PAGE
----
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Horsemeat scandal - EU must take immediate action on food quality and labelling, and investigate fraud concerns


11 Feb 2013


Agriculture & Food
EU Priorities 2020
Health & Consumers


In response to the deepening and widening scandal surrounding the discovery of horse DNA in processed meat products in a number of EU member states, the Greens/EFA group is calling on the European Commission and relevant regulatory agencies to take action. The group is pushing for an emergency hearing of the European Parliament's environment committee with the relevant EU commissioners for food safety, Tonio Borg, and agriculture, Dacian Ciolos (1). The group has also highlighted questions to be urgently addressed by the EU's Food and Veterinary Office (FVO) and the EU's anti-fraud agency (OLAF).


Commenting on the scandal and the Greens/EFA initiative, Green public health spokesperson Carl Schlyter (MEP, Sweden) said:


"As the horsemeat scandal continues to deepen and widen, it is clear that there are major questions both in terms of EU rules on food safety and quality, transparency and food labelling, and as regards cross-border fraud and crime. These concerns about the regulatory system, product labelling and how this alleged fraud could have been allowed to happen in the EU's internal market, must be addressed without delay."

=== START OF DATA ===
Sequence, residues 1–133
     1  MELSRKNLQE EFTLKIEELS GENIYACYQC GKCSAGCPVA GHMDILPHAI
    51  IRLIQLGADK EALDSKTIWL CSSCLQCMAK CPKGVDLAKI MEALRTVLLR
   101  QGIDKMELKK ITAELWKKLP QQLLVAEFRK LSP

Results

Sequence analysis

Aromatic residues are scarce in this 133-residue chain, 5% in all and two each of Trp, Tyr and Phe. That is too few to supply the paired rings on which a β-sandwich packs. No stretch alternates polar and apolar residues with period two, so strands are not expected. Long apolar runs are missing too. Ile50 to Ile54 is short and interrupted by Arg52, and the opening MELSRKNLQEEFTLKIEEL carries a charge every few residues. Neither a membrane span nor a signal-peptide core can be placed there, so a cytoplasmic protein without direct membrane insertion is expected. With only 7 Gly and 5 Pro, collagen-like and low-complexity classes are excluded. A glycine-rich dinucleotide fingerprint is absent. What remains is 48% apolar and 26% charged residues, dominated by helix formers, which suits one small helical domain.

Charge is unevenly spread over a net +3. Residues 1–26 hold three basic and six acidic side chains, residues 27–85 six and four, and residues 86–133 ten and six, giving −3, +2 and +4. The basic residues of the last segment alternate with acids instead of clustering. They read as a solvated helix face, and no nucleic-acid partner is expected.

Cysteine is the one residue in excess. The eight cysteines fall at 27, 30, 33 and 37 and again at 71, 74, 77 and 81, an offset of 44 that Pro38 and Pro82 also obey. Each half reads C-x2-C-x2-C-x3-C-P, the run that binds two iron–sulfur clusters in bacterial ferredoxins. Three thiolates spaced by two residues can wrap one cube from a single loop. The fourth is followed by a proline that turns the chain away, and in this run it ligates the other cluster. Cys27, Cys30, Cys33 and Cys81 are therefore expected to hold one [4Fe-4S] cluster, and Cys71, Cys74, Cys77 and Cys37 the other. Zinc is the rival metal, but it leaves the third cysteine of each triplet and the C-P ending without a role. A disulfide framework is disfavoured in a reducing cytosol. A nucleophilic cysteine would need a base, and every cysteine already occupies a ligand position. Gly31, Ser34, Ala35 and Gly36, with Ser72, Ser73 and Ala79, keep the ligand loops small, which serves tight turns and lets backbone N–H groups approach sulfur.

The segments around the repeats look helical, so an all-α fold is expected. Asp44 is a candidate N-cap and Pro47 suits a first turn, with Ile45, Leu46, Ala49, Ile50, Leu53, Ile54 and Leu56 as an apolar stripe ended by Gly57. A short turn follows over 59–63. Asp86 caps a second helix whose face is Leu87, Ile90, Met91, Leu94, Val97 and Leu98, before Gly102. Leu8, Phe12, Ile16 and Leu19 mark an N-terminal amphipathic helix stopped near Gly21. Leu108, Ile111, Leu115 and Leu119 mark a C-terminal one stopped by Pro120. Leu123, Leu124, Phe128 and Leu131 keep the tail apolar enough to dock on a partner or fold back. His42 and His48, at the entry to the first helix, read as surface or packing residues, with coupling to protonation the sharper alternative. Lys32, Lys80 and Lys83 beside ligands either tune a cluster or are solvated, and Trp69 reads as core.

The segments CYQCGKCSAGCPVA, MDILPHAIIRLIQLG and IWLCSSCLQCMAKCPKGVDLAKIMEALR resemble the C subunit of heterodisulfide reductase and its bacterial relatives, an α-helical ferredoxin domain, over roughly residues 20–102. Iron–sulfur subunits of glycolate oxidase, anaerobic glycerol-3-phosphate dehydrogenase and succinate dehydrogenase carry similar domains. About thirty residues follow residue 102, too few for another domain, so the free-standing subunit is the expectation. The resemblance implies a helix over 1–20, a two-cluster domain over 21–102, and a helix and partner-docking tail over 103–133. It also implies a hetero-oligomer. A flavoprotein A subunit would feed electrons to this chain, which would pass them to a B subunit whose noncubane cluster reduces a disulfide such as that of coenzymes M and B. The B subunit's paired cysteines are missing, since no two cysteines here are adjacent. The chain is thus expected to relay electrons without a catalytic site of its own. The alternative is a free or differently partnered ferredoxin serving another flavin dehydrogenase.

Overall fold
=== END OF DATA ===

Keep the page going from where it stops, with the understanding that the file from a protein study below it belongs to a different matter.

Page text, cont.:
Green food safety and anti-fraud spokesperson Bart Staes (MEP, Belgium) added:


"The mandate of the EU's Food and Veterinary Office is to assure compliance with EU rules on food safety and quality through audits and inspections. The role of the FVO must now clearly be looked at. Applicable EU legislation on food safety and labelling also must be assessed and any deficiencies addressed.


"In particular, there is a need to provide for mandatory country-of-origin labelling for all meat, including meat used as an ingredient in processed food. This should include place of birth, rearing and slaughter. Current EU rules only require country labelling for unprocessed beef. The Greens had called for full origin labelling on meat products in 2010 but this was refused by EU governments, who are now left with egg on their faces. The Commission is currently reviewing the applicable rules on food information and it must propose these changes.


"The allegations of a widespread, cross-border operation linked with this food fraud, clearly raises questions for the EU's agricultural policy and potential fraud with regard to the use of EU funds. To this end, OLAF (the EU's anti-fraud office) must immediately launch an investigation to assess whether there has been any misuse of EU funds linked with this scandal."


(1) The Greens/EFA group coordinator on the EP's environment committee Satu Hassi has today written to the coordinators from the other political groups to this end.

Richard More O'Ferrall,
Press and media officer,
Greens/EFA group in the European Parliament
Mobile: +32-477-443842 - Ph. +32-22841669 (Brussels); +33-388174042